Turkey, in case you are not familiar, is a large bird which is native to the Americas. It belongs to the Genus Meleagris species. Contrary to popular misconceptions, turkey is more than just a huge chickens, in fact they are separated by 45 million years of evolution.
There are 6 subspecies of wild turkey, all of which are native to North America. Probably the most famous consumers of turkey are the Pilgrims which specifically hunted and ate the M. gallopavo silvestris specie of turkey or forest turkey as they were more popularly known.
Male turkeys are called “gobblers” not because they ate too much but because of their courting calls to female turkeys which are called “hens”. Male turkeys weigh more, averaging at about 16-22 pounds while the female hens are smaller with weighs ranging from 8 -12 pounds.
Turkey meat are sold ground, sliced, in pieces, or whole. You may be wondering, why turkey eggs are not sold commercially? Well, turkey hens have low egg production which needs to cope with the high demand for turkey meat. So every egg is valuable, approximately $3.50 each, which is equivalent to about 1 dozen chicken eggs.
Sliced turkey, like turkey hams or turkey bacons, are used for sandwiches and salads. Sausages made of turkey meat is also being sold in some supermarkets. Whole turkey is also sold and are especially popular during Thanksgiving.
Turkey and Thanksgiving
Thanksgiving began way back in the 1500’s and is marked as a day of giving thanks and sacrifice for the blessing of the represented by the current year’s harvest and also of the bountiful harvest the previous year. This is a national holiday, lasting for various days, in the United States, Canada, some Caribbean islands, and Liberia. Some parts of Germany and Japan also have similarly named holidays.
For people not residing in these countries, we recognize this holiday for the really good deals on Amazon. For which, thanks is also given by online shoppers.
Turkey and You: A Match made in Health-ven
Turkey meat is high in protein and very nutritious. According to HealthLine.com, here’s a rundown of the good stuff we get from gobbling up turkey:
Rich in protein
Protein promotes muscle growth and maintenance which our body needs for all types of physical activities. They also support the structure of cells in our body and aids in the distribution of nutrients in our body. It also supports weight loss because it makes you feel full longer.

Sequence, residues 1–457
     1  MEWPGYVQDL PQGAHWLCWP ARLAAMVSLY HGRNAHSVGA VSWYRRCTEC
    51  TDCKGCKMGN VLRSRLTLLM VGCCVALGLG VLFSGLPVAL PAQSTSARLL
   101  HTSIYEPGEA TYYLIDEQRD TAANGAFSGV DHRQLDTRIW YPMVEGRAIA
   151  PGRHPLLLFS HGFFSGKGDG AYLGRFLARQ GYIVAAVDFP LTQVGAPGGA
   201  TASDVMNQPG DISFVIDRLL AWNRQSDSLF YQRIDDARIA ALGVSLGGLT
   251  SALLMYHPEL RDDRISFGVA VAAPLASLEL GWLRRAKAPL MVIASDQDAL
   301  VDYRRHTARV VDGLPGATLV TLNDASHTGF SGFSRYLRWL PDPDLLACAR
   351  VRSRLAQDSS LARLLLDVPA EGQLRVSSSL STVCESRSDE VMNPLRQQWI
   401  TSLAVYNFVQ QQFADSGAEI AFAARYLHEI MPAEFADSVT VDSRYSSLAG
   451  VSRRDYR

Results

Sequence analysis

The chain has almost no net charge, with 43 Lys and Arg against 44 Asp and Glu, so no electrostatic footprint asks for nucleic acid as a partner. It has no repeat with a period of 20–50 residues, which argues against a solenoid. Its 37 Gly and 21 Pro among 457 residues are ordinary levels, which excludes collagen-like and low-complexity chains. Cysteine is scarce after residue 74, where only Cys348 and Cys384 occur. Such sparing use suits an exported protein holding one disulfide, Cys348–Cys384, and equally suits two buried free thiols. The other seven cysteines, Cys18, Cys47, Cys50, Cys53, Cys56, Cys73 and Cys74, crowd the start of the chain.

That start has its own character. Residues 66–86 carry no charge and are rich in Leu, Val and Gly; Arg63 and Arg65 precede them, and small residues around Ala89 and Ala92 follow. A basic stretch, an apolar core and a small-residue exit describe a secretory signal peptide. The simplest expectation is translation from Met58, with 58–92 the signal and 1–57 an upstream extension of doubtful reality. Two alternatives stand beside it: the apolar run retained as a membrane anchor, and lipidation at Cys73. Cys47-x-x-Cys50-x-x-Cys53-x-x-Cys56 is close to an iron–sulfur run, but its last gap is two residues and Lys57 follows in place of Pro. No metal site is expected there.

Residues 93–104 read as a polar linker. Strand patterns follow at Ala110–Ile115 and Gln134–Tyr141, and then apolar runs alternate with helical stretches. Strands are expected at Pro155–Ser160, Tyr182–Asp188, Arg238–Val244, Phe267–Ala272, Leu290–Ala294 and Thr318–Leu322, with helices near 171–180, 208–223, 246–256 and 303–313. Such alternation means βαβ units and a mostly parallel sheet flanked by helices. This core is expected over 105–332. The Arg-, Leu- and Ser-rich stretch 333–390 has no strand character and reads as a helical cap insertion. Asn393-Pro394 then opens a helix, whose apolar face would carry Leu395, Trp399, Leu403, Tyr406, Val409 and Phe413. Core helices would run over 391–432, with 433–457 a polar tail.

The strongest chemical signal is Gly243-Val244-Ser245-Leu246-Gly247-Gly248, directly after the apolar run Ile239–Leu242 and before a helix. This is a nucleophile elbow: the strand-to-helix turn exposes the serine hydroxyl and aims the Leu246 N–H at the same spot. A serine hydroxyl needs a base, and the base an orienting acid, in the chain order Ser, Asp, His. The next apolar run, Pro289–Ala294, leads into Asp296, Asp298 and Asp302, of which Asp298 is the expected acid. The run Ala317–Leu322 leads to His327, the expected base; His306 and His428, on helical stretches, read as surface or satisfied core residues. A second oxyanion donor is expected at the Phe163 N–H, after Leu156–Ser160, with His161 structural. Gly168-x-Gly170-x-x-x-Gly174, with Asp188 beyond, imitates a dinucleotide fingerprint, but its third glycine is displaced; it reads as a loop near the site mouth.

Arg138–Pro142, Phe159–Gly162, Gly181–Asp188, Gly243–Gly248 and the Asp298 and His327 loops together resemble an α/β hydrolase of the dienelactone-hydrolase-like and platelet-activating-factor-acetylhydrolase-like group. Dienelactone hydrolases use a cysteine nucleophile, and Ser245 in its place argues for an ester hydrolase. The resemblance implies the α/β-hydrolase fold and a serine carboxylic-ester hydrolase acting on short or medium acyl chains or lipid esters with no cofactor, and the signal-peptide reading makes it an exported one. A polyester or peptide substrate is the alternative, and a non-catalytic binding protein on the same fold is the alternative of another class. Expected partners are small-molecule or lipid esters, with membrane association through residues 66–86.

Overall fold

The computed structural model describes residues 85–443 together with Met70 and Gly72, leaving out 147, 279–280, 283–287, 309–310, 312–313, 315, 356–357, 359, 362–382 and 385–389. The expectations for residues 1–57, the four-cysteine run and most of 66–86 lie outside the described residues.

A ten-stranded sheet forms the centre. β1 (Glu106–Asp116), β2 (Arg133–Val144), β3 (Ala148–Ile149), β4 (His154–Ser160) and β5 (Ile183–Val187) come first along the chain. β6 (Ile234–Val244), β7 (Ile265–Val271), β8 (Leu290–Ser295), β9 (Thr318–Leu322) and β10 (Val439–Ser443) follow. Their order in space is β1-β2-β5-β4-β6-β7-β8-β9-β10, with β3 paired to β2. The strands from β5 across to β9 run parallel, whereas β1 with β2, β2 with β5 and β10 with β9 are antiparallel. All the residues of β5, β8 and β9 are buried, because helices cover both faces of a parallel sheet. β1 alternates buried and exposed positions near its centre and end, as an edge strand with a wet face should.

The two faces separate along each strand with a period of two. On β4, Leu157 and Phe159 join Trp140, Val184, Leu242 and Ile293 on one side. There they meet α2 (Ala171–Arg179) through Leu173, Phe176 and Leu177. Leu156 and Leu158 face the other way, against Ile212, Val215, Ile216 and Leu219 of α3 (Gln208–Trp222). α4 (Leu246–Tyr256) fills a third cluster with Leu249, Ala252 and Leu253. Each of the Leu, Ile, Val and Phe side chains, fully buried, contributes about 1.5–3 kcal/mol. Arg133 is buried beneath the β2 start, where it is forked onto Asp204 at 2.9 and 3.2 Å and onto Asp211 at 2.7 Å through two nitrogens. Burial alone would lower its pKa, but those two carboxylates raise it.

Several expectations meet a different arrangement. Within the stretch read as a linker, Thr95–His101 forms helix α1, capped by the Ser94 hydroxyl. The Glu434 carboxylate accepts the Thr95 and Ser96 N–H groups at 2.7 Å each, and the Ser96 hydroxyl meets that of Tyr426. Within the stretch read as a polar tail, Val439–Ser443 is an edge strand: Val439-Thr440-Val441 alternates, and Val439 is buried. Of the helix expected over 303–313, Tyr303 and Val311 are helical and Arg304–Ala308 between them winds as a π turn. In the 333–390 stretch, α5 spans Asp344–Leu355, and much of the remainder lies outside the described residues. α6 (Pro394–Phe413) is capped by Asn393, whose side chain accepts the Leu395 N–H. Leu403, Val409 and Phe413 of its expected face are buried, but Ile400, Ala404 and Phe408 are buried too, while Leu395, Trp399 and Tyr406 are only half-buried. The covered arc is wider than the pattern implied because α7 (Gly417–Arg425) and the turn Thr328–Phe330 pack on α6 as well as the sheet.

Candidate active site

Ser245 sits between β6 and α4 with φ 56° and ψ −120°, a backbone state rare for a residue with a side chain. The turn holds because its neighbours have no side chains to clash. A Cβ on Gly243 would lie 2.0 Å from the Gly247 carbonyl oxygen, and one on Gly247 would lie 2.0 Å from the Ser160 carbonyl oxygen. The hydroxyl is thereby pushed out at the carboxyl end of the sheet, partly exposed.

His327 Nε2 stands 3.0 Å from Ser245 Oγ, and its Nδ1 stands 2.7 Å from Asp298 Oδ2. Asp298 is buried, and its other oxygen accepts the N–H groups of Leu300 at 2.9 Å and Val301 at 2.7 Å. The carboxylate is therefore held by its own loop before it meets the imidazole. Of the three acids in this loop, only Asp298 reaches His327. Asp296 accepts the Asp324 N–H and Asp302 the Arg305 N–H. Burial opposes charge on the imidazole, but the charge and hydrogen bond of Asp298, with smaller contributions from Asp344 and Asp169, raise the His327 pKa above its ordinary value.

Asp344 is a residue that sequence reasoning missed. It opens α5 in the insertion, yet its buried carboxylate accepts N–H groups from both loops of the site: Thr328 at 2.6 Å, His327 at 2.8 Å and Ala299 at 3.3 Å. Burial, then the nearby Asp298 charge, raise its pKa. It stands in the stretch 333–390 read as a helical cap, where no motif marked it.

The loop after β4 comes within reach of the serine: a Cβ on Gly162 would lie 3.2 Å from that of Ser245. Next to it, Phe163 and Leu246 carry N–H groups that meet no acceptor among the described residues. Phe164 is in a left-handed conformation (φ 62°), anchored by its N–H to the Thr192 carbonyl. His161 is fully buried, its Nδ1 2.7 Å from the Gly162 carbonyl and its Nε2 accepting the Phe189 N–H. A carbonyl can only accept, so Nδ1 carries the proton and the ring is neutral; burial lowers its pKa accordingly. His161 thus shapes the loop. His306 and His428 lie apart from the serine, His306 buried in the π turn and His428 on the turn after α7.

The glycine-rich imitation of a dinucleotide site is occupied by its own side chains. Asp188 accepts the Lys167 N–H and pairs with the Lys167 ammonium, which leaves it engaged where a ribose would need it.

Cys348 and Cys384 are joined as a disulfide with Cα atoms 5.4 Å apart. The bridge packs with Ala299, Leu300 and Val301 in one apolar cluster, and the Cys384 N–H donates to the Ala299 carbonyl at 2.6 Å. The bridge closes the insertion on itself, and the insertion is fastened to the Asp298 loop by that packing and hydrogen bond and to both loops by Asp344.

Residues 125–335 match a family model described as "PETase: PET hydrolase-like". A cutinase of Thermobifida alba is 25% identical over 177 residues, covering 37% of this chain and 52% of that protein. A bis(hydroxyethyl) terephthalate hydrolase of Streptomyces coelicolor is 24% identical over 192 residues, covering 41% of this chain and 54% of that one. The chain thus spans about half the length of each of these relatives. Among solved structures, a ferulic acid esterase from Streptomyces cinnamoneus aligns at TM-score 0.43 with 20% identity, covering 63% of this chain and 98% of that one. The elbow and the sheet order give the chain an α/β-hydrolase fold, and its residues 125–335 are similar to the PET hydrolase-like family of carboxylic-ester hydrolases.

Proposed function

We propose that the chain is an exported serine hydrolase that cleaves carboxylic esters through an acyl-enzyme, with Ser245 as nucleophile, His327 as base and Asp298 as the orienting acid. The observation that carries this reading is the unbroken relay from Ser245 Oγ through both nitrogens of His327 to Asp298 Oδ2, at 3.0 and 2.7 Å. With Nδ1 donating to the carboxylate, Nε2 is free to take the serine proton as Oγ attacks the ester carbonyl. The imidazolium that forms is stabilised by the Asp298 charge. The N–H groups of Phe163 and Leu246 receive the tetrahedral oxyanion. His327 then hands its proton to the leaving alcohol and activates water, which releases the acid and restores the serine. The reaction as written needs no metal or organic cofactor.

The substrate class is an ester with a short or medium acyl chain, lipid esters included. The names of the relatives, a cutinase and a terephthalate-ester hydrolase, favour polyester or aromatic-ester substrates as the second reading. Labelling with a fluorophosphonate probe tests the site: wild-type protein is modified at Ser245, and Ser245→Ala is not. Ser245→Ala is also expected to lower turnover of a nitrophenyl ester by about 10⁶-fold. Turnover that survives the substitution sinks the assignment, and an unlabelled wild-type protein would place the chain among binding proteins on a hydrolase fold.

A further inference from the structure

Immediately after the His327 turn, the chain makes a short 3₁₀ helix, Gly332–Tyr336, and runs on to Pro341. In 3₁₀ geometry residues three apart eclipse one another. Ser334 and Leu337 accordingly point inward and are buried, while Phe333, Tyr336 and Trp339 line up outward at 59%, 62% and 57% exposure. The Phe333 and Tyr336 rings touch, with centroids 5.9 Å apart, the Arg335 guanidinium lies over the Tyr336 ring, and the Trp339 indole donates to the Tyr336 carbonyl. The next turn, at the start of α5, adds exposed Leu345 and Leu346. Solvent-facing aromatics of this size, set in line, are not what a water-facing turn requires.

Good source of vitamins
Turkey meat is high in all the important B vitamins: B3, B6, and B12. Every 84 grams of pure turkey meat gives our body a big chunk of the daily recommended value of these B vitamins. It also has small amounts of B1 (thiamine) and B2 (riboflavin). This means that turkey meat:
- Promotes the efficient production of energy and communication among our body’s cells.
- Supports formation of amino acids and in the production of neurotransmitters.
- Facilitates formation of red blood cells and production of DNA.
Loaded with minerals
It is also a good source selenium, zinc, and phosphorous. It also has small amounts of potassium and magnesium. These help you:
- Regulate metabolism and growth rate. It also facilitates the production of thyroid hormones.
- Facilitate gene expression, protein synthesis, and enzyme reactions our body needs.
- Promote bone health.
To get these benefits, we suggest you consume more fresh turkey meat rather than processed ones which have high sodium content.
Roast Turkey: Cook and Gobble it up
Knowing how healthy turkey is as a meat source, let’s see how we can prepare them at home so we get to enjoy the savory and healthy benefits it offers.
The most special and grandest turkey dish is probably Roast Turkey. Although it is primarily served for Thanksgiving, it can also be prepared for special occasions or family gatherings. It makes for a very nice centerpiece to your dinner spread too!
There are 4 steps for in roasting a turkey: Defrost, Dress Up, Stuff It, Bake it and prepare the sauce.
Defrosting your Turkey Buddy
The first thing you need to do before anything else is prepare your turkey to be dressed and stuffed.
Do not thaw your turkey at room temperature. Since it takes time for it to completely defrost, it’ll also give bacteria enough time to form.
Dress It Up With Flavor
Now that your bird is thawed, you can focus on adding the flavor. Try this Roast Turkey recipe from CafeDelites.com. Remember to save the turkey drippings, you’re going to need it for the gravy.
Stuff It with love
Thanksgiving turkey will not be complete without the yummy stuffing. Try any of these stuffing recipes on the side of your bird, on stuffed inside it. The choice is all yours!
- Simple Turkey Stuffing from Epicurious.com
- Classic Turkey Stuffing from Averiecooks.com.
- Sausage and Herb Stuffing from CafeDelites.com
Bake it and Prepare the Sauce
Bake your turkey according to the recipe from AverieCooks.com. As with any roasted meat dish, a staple on the table is gravy. Here are some recipes you can try:
Classic Turkey Gravy Recipe from FoodNetwork.com
Best Turkey Gravy from DamnDelicious.Net
Reinventing Left-over Turkey
Turkeys are huge and it’s inevitable that you’ll have left-overs after your lunch or dinner. You can turn them into salads, a sandwich, meat for your stir fry or fried rice, and maybe a good substitute for the beef in your chili.
Here are some ways you can reinvent your left-over turkey from BBCGoodFood.com and TheGirlonBloor.com
Turkey: No ordinary bird
The turkey was so revered that Benjamin Franklin called it a more respectable bird that the bald eagle. I think he was probably referring to what turkey symbolizes -thanksgiving and gratitude for blessings given. So, that coupled with its health benefits and taste, it truly is no ordinary bird.